'Good morning' Facebook post leads to arrest of Palestinian

An illustration picture shows the log-on screen for the website Facebook on an Ipad, in Bordeaux, Southwestern France on January 30, 2013. (File photo by Reuters)
Updated 22 October 2017
0

'Good morning' Facebook post leads to arrest of Palestinian

JERUSALEM: Israeli police have mistakenly arrested then released a Palestinian who posted “good morning” in Arabic on Facebook after software mistranslated it as “attack them,” police and a media report said Sunday.
Police only confirmed that a Palestinian had been mistakenly arrested then released following suspicions of incitement, but a report in Haaretz newspaper provided further details.
According to the report, which police would neither confirm nor deny, the Palestinian man posted a picture of himself leaning against a bulldozer at the Israeli settlement of Beitar Ilit, where he works, in the occupied West Bank.
Along with the picture, an Arabic phrase meaning “good morning” was also posted. Facebook’s translation software interpreted the post to mean “attack them” in Hebrew and “hurt them” in English, Haaretz reported.
It was unclear how such a translation error could have been made as there are no apparent similarities between the Arabic expression used for “good morning” and the phrases in Hebrew or English.
Police were notified and the man was arrested last week, the report said. He was released after a few hours when police realized the mistake, it said.
Police spokeswoman Luba Samri told AFP “a few days ago, a Palestinian was detained for questioning on suspicion of incitement through his Facebook page.”
She said he was “immediately released” after the suspicions turned out to be false.
Haaretz reported that the Facebook post has since been deleted.


British defense contractor under fraud investigation over suspected corruption in Algeria

Updated 38 min 5 sec ago
0

British defense contractor under fraud investigation over suspected corruption in Algeria

  • Ultra said in a statement that it had referred itself to the British fraud authorities and that the SFO investigation concerned the business conduct of Ultra, its subsidiaries, employees and associated persons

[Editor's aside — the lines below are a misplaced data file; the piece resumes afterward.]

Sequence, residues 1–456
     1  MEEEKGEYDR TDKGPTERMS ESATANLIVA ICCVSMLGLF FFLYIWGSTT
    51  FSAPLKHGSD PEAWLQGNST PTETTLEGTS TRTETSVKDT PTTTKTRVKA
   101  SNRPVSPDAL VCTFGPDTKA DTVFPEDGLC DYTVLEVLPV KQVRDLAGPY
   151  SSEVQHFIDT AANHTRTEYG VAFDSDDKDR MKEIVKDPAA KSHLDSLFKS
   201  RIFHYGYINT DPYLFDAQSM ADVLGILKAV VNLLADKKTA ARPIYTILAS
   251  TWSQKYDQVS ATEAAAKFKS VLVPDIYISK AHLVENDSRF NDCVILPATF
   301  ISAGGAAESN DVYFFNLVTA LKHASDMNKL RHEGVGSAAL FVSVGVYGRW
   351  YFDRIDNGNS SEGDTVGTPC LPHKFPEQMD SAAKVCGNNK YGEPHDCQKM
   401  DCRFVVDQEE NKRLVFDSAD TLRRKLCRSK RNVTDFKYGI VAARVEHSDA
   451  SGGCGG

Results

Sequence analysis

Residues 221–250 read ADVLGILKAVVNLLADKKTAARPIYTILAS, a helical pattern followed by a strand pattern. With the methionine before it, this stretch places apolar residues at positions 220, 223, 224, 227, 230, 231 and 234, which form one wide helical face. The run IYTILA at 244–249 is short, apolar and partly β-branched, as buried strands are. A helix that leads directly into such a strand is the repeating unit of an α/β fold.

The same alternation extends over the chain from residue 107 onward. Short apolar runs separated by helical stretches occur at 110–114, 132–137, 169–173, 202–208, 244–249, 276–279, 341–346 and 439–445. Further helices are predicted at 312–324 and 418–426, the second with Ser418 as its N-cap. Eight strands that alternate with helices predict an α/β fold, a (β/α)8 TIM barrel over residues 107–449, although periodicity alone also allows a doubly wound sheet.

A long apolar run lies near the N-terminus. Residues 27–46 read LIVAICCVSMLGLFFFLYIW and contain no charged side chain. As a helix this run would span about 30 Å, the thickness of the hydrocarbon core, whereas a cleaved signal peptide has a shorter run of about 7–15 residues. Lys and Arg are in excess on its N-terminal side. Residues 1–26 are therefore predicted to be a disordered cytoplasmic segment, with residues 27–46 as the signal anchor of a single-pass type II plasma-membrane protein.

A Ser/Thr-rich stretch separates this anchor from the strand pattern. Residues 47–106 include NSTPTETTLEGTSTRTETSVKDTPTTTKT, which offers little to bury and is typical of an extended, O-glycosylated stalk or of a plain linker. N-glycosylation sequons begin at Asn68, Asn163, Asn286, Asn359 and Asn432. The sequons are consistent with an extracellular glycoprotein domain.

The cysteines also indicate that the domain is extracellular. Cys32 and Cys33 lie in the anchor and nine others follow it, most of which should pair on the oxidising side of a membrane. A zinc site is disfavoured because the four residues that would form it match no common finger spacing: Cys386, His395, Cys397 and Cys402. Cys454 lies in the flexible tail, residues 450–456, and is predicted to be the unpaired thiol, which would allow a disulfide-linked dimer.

• The SFO’s investigation into Ultra, which makes military electronics for land, air and sea forces, follows probes into other British companies operating in the defense sector including Rolls-Royce and BAE Systems

LONDON: Ultra Electronics on Thursday announced that the UK’s Serious Fraud Office had opened a criminal investigation into “suspected corruption in the conduct of business” by the British defense contractor in Algeria.
Ultra said in a statement that it had referred itself to the British fraud authorities and that the SFO investigation concerned the business conduct of Ultra, its subsidiaries, employees and associated persons.
“Given the stage of these matters, it is not possible to estimate reliably what effect the outcome of this matter may have on the group,” Ultra said, adding that it continued to co-operate with the SFO.
The SFO in a statement said it was looking into Ultra but said it could not provide additional information as the investigation “is live.”
Ultra shares were down 6 percent in early trade.
The SFO’s investigation into Ultra, which makes military electronics for land, air and sea forces, follows probes into other British companies operating in the defense sector including Rolls-Royce and BAE Systems.
Ultra Electronics’s biggest market is North America with just 17 percent of its revenue coming from what it calls “rest of the world.” It does not mention Algeria in its annual report.
Ultra, which last month abandoned a bid for US company Sparton Corp. due to anti-trust concerns, is currently without a chief executive.
Douglas Caster assumed the role of executive chairman last year after the previous CEO quit. New CEO Simon Pryce is due to join in June.
The SFO has been criticized by lawmakers in the past over its efforts to bring companies and senior individuals to book. More recently it has secured deferred prosecution agreements with Rolls-Royce and Tesco and filed unprecedented criminal charges against Barclays and former senior executives.